Thousands of fruit trees destroyed for ‘security reasons’ in Turkey’s Kurdish region

Trees destroyed in Turkey's Kurdish province Sirnak, 27 March 2017, (Photo: Evrensel)

Thousands of fruit trees have been destroyed for the “security of the villagers” by local village guards allegedly acting with orders from the local Gendarme Commander in Sirnak province, Turkey’s southeastern Kurdish region, reported the daily Evrensel on Monday.

The trees were cut within the last month in the Besta region of Uludere district, located near the border with Iraq.

The trees are being cut daily in the early hours of the morning by village guards (state paramilitary force) accompanied by soldiers who stand back and do not participate in the destruction of the trees, according to the report.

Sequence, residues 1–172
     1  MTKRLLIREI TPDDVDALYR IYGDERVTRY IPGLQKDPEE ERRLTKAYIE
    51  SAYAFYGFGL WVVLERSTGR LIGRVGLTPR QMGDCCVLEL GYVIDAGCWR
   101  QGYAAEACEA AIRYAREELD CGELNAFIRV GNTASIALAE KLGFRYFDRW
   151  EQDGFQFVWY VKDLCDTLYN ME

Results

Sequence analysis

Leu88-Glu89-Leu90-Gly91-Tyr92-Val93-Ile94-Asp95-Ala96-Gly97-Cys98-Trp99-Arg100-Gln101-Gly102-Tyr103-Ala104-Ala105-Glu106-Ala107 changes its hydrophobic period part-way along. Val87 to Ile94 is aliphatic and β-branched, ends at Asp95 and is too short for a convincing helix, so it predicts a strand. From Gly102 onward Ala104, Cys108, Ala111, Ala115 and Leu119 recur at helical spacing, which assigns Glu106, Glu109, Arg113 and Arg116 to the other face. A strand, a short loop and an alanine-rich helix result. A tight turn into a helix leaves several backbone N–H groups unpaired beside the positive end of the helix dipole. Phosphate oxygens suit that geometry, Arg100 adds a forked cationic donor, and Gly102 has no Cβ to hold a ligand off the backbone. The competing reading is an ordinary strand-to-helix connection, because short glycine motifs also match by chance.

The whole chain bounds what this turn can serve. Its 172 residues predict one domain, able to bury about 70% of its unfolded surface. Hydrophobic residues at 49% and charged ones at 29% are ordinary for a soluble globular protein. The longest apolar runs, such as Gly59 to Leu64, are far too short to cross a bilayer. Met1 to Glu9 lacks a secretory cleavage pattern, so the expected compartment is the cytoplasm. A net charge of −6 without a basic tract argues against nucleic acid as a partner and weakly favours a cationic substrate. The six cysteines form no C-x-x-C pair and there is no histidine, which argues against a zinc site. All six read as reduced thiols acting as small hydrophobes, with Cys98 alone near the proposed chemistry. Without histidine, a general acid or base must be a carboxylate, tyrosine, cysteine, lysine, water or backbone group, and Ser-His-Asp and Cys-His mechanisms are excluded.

Officers from the local gendarme demanded that the villagers cut the trees about a month ago and the village guards started to do the cutting after the villagers refused, said Sadun Sezer, the Democratic Regions’ Party (DBP) Balveren district co-chair.

Elders from various villages located in the region went to the gendarme and had a meeting with officers so that they stop the destruction but the gendarme replied that “the trees must be destroyed for their own security,” explained Sezer.

Thousands of walnut, apple, pear and plum trees have already been destroyed but villagers are planning to mobilise to stop further destruction in the area, according to the report.

Thousands of trees and forested areas have been burned down by security forces in previous years to accomodate military operations and limit the mobility of Kurdistan Workers’ Party (PKK) fighters.